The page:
Thoughts on iSummit 2013

This past week I attended iSummit 2013 at The Westminster Schools in Atlanta, Georgia, with several other colleagues.  As with any conference, this conference had its share of useful and not-so-useful information.  Sitting through 6 sessions and 2 keynote speakers over the course of two days, my mind was fairly numb by the end of the conference, and I’m still trying to process all the information.  For me, one way to do this is to write about it, but when I sat down to do so, there was just too much for me to make one coherent blog post. So instead I’ve listed below the most memorable, thought-provoking, useful, or controversial nuggets I gleaned from the conference.  I would love to hear your thoughts and questions on any or all of this.

(FYI – The links take you to my own blog posts.  I was struck during the conference by how much I’d already written on the things being presented and discussed.)

1. F.A.I.L. = First attempt in learning.  Most teachers teach their students that failure is a part of the learning process, however, how many teachers ascribe to this in their own professional development? How many of us avoid trying anything too “out there” instructionally out of fear of failure? (Ewan McIntosh, @ewanmcintosh)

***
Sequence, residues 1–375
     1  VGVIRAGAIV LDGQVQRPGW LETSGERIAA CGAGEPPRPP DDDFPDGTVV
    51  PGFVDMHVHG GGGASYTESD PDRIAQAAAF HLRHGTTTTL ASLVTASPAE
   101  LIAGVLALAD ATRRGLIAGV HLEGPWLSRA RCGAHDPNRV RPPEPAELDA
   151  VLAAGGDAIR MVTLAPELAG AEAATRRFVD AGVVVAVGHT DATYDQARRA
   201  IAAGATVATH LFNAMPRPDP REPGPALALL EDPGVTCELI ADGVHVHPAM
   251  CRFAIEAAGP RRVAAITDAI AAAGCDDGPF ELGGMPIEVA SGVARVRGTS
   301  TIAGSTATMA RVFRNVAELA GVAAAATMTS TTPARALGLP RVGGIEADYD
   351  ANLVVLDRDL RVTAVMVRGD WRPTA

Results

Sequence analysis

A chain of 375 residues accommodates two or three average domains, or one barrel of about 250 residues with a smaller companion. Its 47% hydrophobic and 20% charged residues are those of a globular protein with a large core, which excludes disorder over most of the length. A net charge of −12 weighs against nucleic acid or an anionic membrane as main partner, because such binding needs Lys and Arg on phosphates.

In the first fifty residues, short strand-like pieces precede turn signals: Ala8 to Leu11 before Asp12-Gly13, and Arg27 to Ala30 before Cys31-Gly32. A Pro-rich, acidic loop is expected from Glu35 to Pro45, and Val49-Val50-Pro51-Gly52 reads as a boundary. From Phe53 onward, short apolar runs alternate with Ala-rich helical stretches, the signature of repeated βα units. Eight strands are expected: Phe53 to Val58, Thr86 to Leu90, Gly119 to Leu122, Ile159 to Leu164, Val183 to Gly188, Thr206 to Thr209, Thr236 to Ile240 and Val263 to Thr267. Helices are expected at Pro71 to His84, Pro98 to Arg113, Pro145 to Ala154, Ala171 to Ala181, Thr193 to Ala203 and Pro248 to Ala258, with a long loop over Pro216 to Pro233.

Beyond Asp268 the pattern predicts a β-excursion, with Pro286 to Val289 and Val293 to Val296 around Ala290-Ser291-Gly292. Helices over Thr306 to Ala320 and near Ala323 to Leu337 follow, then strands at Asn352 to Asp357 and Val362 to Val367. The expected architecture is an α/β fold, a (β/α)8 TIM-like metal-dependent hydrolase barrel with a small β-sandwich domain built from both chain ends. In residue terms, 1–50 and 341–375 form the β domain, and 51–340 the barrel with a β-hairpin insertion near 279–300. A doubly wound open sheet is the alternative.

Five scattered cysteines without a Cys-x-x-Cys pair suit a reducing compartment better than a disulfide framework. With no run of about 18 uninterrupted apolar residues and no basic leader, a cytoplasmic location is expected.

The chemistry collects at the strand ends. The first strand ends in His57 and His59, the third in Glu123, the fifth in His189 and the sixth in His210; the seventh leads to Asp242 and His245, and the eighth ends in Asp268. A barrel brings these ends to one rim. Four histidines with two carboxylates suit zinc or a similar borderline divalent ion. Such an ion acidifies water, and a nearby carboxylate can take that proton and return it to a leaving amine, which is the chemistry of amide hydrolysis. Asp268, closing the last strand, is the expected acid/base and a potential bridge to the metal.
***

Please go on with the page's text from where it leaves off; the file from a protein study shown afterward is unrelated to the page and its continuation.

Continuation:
2. Googleable v. unGoogleable.  In an age where information (too much information?) is readily available to our students, our instructional focus needs to be on the “unGoogleable stuff.” (Ewan McIntosh, @ewanmcintosh)

3. Problem Finding v. Problem Solving.  It’s not enough that we teach our students to be problem solvers; we must also teach them how to find and refine worthy problems to solve. (Ewan McIntosh, @ewanmcintosh)

4. Formative assessment.  Technology makes collecting and analyzing formative assessments incredibly easy.  Formative assessment is assessment for learning rather than assessment of learning. (Holly Chesser, @hollychesser)

5. Gaming can be content heavy and serious, i.e. Serious Games. (Sheryl Nussbaum-Beach, @snbeach)

6. Collaboration is important, but how you have students collaborate is just as, if not more, important.  When, how, and why do you have students collaborate?

7. Andrew Church’s Bloom’s Taxonomy Chart.


8. TPACK Model


Reproduced by permission of the publisher, © 2012 by

9. Leveraging social media. Are you using Twitter, Facebook, or LinkedIn just to gather links and resources, or are you using social media to truly transform your professional life? (Sheryl Nussbaum-Beach, @snbeach)

10.  In an age where information is readily available, teachers have to address the student’s inevitable question, “Who cares?”  Creative people know why they do what they do. (Ewan McIntosh, @ewanmcintosh)

As I wrote above, your comments and questions are welcomed!



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